23.04.2004 General News

Mother of All Brutalities

23.04.2004 LISTEN

Commissioner Professor Florence Dolphyne of the National Reconciliation Commission (NRC) described it as the most dehumanising treatment ever to have been meted out after one Asare Panti narrated how soldiers forced him to eat human excreta mixed with rice in the 70s.

The bizarre story of Panti brought sudden silence in the chamber of the Old Parliament House, where the sitting was taking place and the lady commissioners in particular buried their faces in their hands to control their emotions.

Panti Asare who could not remember the exact date his ordeal occurred but kept repeating that it happened during Lieutenant I.K Acheampong's military regime, said sometime in the 70s six armed soldiers stormed his house at Gyankrom at Nsawam at midnight looking for his brother, Emmanuel Amoah.

After explaining that his brother does not live in the house, the soldiers pounced on him and beat him severely.

The soldiers vent their spleen on his three month old pregnant wife who came to intervene. "She was given severe slaps when she came asking what was happening," he recalled.

Panti Asare who wept uncontrollably through out his narration and has to be consoled by a counsellor of the commission Rev. Ghansah, said he laid on the floor of the vehicle and the soldiers nailed him on the floor with their boots throughout the journey to the Osu Castle, the seat of government in Accra.

He said he was then beaten from the night till dawn.

Panti whose left eye is damaged said it was caused by a soldier who pushed his fingers into it and popped the eye out at the Castle. He said he was saved by one Corporal Manfo who pleaded with the soldiers on his behalf.

Some few days later, he recounted that the soldiers took him to the Osu Public Latrine and was forced to carry sceptic pan filled with human excreta to the beach.

"After empting the sceptic pan those guarding me forced me to scoop the pan with my hands. From there I was to go and carry that of the soldiers at the Castle. The excreta poured on my dress and my body," he lamented.

He was forced by the men in green to eat food with his soiled hands. "The soldiers do not allow me to wash my hands after dumping the excreta. They would force me to eat rice and beans with my hands soiled with the excreta. After eating, they then asked me to lick my fingers, after wards they would ask whether it tasted good," he cried out.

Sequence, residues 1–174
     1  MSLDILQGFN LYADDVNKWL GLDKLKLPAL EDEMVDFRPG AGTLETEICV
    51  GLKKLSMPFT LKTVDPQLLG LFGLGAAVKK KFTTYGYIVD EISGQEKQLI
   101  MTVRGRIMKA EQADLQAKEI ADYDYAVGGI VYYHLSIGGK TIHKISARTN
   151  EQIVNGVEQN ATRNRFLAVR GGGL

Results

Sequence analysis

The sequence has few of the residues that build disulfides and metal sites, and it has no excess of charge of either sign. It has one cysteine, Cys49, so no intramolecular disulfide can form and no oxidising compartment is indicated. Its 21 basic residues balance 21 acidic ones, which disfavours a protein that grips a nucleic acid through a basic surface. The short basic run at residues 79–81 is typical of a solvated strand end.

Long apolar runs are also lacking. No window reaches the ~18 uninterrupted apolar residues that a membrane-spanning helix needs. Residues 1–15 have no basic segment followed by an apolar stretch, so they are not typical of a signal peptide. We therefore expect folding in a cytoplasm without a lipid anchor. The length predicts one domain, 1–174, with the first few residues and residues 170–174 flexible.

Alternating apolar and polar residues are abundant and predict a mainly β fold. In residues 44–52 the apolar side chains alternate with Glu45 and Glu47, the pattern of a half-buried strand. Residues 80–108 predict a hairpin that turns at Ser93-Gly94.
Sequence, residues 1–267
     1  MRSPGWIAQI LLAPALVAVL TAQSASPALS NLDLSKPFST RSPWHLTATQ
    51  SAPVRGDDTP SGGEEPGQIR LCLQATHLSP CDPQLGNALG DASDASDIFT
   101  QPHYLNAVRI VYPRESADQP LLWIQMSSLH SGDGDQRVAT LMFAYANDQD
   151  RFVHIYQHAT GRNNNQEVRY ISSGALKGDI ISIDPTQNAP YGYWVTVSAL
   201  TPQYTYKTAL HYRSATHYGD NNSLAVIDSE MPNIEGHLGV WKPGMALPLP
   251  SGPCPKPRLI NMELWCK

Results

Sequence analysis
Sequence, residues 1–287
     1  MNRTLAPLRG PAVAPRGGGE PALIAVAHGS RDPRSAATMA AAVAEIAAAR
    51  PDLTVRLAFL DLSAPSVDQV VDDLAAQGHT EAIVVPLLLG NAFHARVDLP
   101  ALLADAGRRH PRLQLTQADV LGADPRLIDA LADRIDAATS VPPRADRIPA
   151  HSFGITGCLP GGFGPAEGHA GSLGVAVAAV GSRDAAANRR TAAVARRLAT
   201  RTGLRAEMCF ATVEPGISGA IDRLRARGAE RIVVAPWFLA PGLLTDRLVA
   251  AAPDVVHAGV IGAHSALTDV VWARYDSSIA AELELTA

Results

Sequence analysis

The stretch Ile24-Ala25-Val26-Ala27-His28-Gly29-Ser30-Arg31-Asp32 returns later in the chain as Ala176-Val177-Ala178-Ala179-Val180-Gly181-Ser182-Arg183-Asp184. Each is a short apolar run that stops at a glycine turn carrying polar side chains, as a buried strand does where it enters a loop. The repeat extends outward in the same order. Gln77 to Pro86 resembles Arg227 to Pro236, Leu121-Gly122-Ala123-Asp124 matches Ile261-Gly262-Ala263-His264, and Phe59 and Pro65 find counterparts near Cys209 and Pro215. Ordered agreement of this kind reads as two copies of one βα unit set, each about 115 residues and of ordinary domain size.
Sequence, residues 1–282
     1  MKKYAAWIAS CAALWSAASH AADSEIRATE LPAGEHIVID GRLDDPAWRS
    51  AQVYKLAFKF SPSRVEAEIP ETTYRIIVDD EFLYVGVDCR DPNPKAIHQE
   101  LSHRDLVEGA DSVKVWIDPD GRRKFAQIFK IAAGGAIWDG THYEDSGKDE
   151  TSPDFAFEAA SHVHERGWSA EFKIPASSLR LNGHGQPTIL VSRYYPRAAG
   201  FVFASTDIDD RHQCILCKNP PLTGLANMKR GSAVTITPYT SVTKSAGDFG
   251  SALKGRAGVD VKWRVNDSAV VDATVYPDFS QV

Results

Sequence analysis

The whole chamber suddenly went dead and the commissioners and the audience quaked as Panti recalled the unimaginable.

Panti Asare said he was later taken to the cook house where the soldiers bore a hole on the ground and asked him to insert his penis into it and demonstrate how he had been having sex with his wife. "In the process of demonstrating a soldier stepped on my waist and amidst pains, asked if that was the way I had sex with my wife.

My manhood began bleeding and as I was about to turn a soldier stepped on my knee cup and it shifted. Another also used the butt of a gun to hit my head," he recalled.

He said after an hour and a half torture session he was told the Head of State, Gen. Acheampong wanted to meet him. "Is this a human being?"

Gen. Acheampong exclaimed, he said, when the former saw him crawling into his office.

Gen. Acheampong ordered that he should be washed and he was introduced to one lawyer, Tagoe who secured his release. He said because he could not breath Tagoe bought a t-shirt and used it as a bandage to tie his ribs.

Afterwards, he was taken to 37 Military Hospital and later to Korle-Bu hospital for medical treatment.

Panti Asare said later he learnt the soldiers were searching for his brother because he defrauded a relative of Acheampong's secretary. He said his brother forgot about all that he did for him and went ahead to sell some plots of land their father bequeathed them and took all the money.

He said he wants compensation to live a meaningful life since he has been advised by doctors not to do any hard work.

The mood of the commissioners was encapsulated in the comments of Dr. Sylvia Boye, "I have even lost my voice. It seems like this story is the mother of all brutalities and torture. I least expected that this could happen at Acheampong's time."

Hearing continues today.

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